The next day Jesus decided to go to Galilee. He found Philip and said to him, “Follow me.” Now Philip was from Bethsaida, the city of Andrew and Peter. Philip found Nathanael and said to him, “We have found him about whom Moses in the law and also the prophets wrote, Jesus son of Joseph from Nazareth.” Nathanael said to him, “Can anything good come out of Nazareth?” Philip said to him, “Come and see.” When Jesus saw Nathanael coming toward him, he said of him, “Here is truly an Israelite in whom there is no deceit!” Nathanael asked him, “Where did you get to know me?” Jesus answered, “I saw you under the fig tree before Philip called you.” Nathanael replied, “Rabbi, you are the Son of God! You are the King of Israel!” Jesus answered, “Do you believe because I told you that I saw you under the fig tree? You will see greater things than these.” And he said to him, “Very truly, I tell you, you will see heaven opened and the angels of God ascending and descending upon the Son of Man.”
“Come and see” is one of the most frequent and intriguing invitations in John’s gospel. The invitation readily appears in the calling of the first disciples. The Samaritan woman who encounters Jesus at the well offers the same invitation to the people in the city, “Come and see a man who told me everything I have ever done! He cannot be the Messiah, can he?” Upon learning of his dear friend Lazarus’ death, Jesus asks those gathered where they have laid him. His friends reply “…come and see.”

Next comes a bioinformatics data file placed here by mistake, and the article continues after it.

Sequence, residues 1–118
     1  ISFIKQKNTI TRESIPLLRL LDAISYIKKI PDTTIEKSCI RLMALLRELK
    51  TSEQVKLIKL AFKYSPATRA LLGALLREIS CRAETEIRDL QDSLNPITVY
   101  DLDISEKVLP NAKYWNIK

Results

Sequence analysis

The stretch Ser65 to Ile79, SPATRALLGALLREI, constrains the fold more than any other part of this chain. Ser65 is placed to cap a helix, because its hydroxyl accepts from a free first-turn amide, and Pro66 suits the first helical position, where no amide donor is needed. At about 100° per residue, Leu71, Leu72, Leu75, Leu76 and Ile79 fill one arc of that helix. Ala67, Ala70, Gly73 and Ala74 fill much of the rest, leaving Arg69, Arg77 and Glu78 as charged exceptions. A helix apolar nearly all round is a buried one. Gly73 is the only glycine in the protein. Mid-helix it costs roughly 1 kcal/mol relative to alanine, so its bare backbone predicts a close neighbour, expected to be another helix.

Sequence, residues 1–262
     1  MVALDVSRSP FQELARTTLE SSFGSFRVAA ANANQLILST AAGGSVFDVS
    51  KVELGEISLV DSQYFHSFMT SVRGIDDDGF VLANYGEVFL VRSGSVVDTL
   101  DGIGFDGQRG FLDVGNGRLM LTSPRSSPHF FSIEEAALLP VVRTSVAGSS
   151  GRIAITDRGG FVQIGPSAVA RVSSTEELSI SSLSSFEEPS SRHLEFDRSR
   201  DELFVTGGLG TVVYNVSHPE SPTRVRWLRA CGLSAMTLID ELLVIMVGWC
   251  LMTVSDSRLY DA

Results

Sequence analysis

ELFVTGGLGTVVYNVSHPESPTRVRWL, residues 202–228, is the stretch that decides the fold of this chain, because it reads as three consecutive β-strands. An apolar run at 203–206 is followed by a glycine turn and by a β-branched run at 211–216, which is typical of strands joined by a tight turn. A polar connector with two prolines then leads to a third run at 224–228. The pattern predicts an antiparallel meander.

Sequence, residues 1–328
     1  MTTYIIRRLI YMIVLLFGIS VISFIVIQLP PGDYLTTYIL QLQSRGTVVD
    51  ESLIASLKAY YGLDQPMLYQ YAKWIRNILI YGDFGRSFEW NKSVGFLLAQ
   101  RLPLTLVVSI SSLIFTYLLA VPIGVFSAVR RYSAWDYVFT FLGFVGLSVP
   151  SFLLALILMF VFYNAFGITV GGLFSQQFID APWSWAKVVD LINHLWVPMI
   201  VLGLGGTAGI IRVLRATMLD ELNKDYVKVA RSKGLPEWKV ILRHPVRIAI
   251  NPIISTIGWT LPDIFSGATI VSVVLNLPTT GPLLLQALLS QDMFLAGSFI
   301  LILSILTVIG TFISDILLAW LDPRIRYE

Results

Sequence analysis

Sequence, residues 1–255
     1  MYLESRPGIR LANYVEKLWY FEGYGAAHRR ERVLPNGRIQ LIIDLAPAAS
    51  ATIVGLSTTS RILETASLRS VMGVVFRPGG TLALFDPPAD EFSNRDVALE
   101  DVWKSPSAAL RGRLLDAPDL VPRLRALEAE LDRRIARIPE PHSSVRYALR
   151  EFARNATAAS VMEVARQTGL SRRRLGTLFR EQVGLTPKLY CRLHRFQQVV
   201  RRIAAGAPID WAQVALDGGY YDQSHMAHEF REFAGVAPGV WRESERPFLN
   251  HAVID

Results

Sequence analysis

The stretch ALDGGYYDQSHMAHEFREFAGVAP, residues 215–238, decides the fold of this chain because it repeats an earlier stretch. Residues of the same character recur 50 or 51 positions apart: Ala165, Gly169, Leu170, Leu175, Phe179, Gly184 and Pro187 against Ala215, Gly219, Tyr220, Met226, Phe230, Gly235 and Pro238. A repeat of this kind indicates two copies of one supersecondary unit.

In this season of Lent, we, too, are called to follow Jesus and to repeatedly respond to his invitation to “come and see.” We, like the eager disciples, astonished Samaritan woman, and grieving friends of Lazarus, turn to Jesus to see where he will lead us this Lent. My prayer for all of us is that we may follow with eagerness, astonishment, and expectation that we will be changed – restored and renewed for the transformative Kingdom work that Jesus calls us to in our time and place.
Almighty and everlasting God, mercifully look upon our infirmities, and in all our dangers and necessities stretch forth your right hand to help and defend us; through Jesus Christ our Lord, who lives and reigns with you and the Holy Spirit, one God, for ever and ever. Amen.